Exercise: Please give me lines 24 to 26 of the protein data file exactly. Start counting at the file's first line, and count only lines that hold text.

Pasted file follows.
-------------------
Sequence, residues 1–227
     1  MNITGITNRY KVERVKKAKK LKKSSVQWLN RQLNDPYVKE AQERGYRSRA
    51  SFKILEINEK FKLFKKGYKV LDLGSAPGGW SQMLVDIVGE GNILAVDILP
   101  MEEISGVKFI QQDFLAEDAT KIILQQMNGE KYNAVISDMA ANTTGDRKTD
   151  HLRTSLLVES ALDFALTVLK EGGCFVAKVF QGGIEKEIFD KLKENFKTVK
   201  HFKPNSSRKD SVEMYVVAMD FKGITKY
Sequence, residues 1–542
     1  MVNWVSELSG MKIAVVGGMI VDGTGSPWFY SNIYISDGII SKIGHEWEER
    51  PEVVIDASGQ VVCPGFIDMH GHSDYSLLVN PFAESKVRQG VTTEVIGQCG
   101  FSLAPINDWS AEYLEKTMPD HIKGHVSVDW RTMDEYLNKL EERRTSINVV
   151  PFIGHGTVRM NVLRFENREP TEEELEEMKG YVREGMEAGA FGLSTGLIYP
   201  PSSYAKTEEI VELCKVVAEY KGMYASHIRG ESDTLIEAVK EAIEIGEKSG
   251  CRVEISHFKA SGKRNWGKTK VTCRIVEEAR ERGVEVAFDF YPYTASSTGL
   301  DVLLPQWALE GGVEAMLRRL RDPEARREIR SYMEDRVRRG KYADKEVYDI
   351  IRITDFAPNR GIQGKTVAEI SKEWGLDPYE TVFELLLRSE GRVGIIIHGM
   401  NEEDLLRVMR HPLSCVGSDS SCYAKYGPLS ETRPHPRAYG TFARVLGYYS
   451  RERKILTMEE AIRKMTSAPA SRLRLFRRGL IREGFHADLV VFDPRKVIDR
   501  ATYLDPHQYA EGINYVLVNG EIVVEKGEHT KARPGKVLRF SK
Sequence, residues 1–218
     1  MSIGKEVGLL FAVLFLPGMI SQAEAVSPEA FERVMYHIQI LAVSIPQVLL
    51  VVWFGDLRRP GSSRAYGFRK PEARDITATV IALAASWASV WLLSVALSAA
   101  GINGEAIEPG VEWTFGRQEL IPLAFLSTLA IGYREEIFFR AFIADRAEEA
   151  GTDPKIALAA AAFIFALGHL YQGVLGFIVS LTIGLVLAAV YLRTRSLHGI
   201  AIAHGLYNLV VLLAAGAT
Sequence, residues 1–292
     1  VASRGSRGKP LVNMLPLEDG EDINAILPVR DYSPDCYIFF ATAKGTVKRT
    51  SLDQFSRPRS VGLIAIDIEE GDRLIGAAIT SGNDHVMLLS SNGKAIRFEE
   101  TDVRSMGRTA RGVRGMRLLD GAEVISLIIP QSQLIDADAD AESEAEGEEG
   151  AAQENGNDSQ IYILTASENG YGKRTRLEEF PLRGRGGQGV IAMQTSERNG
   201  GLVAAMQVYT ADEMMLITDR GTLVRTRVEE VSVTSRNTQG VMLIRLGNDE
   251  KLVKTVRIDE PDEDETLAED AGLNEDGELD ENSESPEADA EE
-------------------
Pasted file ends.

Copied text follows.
   201  AIAHGLYNLV VLLAAGAT
Sequence, residues 1–292
     1  VASRGSRGKP LVNMLPLEDG EDINAILPVR DYSPDCYIFF ATAKGTVKRT